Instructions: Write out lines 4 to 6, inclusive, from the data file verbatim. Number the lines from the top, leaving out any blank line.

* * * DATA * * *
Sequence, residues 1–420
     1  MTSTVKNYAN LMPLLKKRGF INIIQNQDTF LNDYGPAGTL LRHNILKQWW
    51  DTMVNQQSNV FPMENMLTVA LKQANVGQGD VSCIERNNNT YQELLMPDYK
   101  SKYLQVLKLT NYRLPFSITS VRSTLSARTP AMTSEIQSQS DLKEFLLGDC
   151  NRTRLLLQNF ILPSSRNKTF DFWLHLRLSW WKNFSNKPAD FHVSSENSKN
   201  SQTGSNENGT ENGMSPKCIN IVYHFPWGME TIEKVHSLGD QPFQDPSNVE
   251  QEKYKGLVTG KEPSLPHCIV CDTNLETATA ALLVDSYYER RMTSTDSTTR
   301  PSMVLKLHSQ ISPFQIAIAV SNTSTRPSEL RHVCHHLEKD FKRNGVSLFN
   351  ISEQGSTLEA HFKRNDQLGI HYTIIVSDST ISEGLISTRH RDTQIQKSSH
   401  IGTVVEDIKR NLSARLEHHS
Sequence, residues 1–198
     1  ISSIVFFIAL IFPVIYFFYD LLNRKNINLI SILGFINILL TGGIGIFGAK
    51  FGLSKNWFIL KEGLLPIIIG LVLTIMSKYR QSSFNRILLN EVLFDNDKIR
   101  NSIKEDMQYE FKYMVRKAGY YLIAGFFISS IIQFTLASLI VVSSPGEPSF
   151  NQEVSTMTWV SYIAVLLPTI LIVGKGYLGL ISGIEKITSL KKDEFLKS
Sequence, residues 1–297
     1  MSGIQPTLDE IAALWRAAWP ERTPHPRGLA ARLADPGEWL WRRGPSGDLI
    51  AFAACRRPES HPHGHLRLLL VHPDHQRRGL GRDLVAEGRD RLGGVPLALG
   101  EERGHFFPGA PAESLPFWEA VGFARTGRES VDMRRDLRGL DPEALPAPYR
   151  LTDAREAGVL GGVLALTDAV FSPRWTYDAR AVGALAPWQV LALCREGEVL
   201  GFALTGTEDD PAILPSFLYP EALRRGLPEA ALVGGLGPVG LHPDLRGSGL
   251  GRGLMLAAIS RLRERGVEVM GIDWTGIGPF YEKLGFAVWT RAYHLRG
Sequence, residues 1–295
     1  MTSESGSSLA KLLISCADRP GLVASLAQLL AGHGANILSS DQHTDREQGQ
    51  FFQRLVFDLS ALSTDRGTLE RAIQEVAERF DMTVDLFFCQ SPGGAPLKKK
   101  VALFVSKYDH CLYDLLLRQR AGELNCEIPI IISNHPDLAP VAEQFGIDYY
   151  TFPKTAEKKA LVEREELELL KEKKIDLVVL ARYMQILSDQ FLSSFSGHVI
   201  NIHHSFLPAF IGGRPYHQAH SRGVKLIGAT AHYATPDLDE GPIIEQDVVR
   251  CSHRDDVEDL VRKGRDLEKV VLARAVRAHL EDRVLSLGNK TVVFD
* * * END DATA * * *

   101  SKYLQVLKLT NYRLPFSITS VRSTLSARTP AMTSEIQSQS DLKEFLLGDC
   151  NRTRLLLQNF ILPSSRNKTF DFWLHLRLSW WKNFSNKPAD FHVSSENSKN
   201  SQTGSNENGT ENGMSPKCIN IVYHFPWGME TIEKVHSLGD QPFQDPSNVE